Is Black Knight promoting Empower to shut the ICE deal?
Black Knight is reportedly placing the Empower loan origination system up for sale in order to gain antitrust approval for its acquisition by Intercontinental Exchange.
From the day the deal was signed, most expected that Black Knight would have to divest the LOS, the No. 2 most used system behind acquirer ICE Mortgage Technology’s Encompass. Reuters reported that Black Knight has hired Truist to handle the sale.
Intercontinental Exchange, on the other hand, at that time said since the two platforms have different customer segments, it was not anticipating having to sell Empower.
“However, it is unclear if the Empower sale process relates to a consent decree with the Federal Trade Commission, or is a proactive move by Black Knight and ICE to bolster their defense in a possible trial,” said Ryan Tomasello, an analyst for Keefe Bruyette & Woods.
He pointed to the merger between UnitedHealth and Change Healthcare as an example of the latter. The Department of Justice sued to stop the transaction but a federal judge dismissed the case while ordering Change Healthcare to proceed with its planned sale of the ClaimsXten unit to allow the deal to proceed.
But pushing Empower out of the deal’s scope is not enough movement by the companies for federal regulators to approve the transaction, because of the power the combination would hold across the industry spectrum, the Community Home Lenders of America, a deal opponent, commented. This is because the transaction would bring ICE’s Encompass, the most-used LOS, under the same roof with the dominant player in servicing technology, Black Knight’s MSP.
“A sale of Empower would be welcome and constructive, but it would not alleviate CHLA’s concerns, as the integration of origination and servicing services would still create market power that could result in lenders having to accept practices and pricing that don’t take place in a fully competitive market,” Scott Olson, executive director of the CHLA said in a statement.
It would also bring other market leading mortgage technology under the same roof, including Solidifi and MERS on the ICE side — which it owned prior to buying Ellie Mae in August 2020 — and Optimal Blue, owned by Black Knight.
And among all of those various pieces of technology, Empower has the lowest market share, said David Stevens, the CEO of Mountain Lake Consultant and the former CEO of the Mortgage Bankers Association. Selling it might not be enough to move the needle towards gaining support for the deal.
However, a broader divestiture, possibly of MSP, or an outright rejection would not exactly deter ICE in his opinion.
“ICE has been very patient and is deliberately trying to expand their footprint in the mortgage market,” Stevens said, pointing to the MERS acquisition. At that time, Stevens was on MERS’ board and noted that from start to finish the purchase took three years, largely because MERS was under an Office of Comptroller of the Currency consent order.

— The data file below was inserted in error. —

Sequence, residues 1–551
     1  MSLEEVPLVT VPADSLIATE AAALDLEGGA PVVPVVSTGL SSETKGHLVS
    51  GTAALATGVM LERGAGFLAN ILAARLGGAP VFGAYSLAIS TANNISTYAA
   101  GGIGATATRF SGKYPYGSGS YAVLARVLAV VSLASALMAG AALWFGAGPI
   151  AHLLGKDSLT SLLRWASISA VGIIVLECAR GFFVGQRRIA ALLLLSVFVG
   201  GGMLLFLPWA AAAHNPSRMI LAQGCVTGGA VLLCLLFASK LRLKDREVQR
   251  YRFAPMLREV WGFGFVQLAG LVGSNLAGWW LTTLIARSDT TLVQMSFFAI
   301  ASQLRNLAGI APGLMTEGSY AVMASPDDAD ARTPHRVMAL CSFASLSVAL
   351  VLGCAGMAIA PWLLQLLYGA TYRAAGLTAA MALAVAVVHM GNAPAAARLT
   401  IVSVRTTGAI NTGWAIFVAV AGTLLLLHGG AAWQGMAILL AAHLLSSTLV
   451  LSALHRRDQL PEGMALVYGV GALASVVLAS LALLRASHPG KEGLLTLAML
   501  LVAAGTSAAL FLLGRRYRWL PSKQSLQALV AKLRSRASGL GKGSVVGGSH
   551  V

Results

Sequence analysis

Further divestments would delay the merger and some parties, including ICE investors, might not be as tolerant of the timeline.
ICE might go after other targets if the deal gets the kibosh, possibly another servicing platform such as Sagent, which Stevens noted has been growing its market share.
Black Knight already agreed to sell TitlePoint to its former corporate parent Fidelity National Financial because of this deal.
A paper issued by Federal Financial Analytics on Feb. 6 called on regulators to reject the transaction because ICE, which also owns the New York Stock Exchange among other entities, already poses broad systemic risks to the economy.
That is on top of the “unrivaled power” ICE would have in the U.S. mortgage and housing markets.
But if it was approved “and even if this is accompanied by certain constraints, then the Financial Stability Oversight Council should quickly designate ICE as a whole as a systemically important financial institution and bring the full scope of its activities across the global financial market and U.S. residential mortgage finance under safety-and-soundness, resolvability, and consumer protection regulation,” the paper said.
It mentions the possibility of post-merger divestitures, but said that “would be a complex regulatory undertaking that might permit considerable arbitrage and evasion.”
Stevens added that while he has a lot of respect for ICE, he is not a fan of companies that are able to control the market.
“Unless there’s some overwhelming reason to move forward, which I don’t see, I think the creation of a monopoly in this sector likely only proves itself to be a long term challenge for the overall mortgage industry and for consumers,” he said.
The report of Truist’s involvement has given a slight boost to Black Knight’s stock price, but it is still down from the day the Black Knight-ICE deal was announced, May 4, 2022, when it closed at $72.84.
Black Knight closed at $62 per share on Thursday. It opened the next morning at $62.45 and by 11:30 a.m., it was up to $64.89.
Meanwhile at the same time on Friday, ICE’s stock price was up 75 cents per share to $108.29.
Requests for comment were not returned by Truist. Black Knight, ICE and the FTC declined to comment.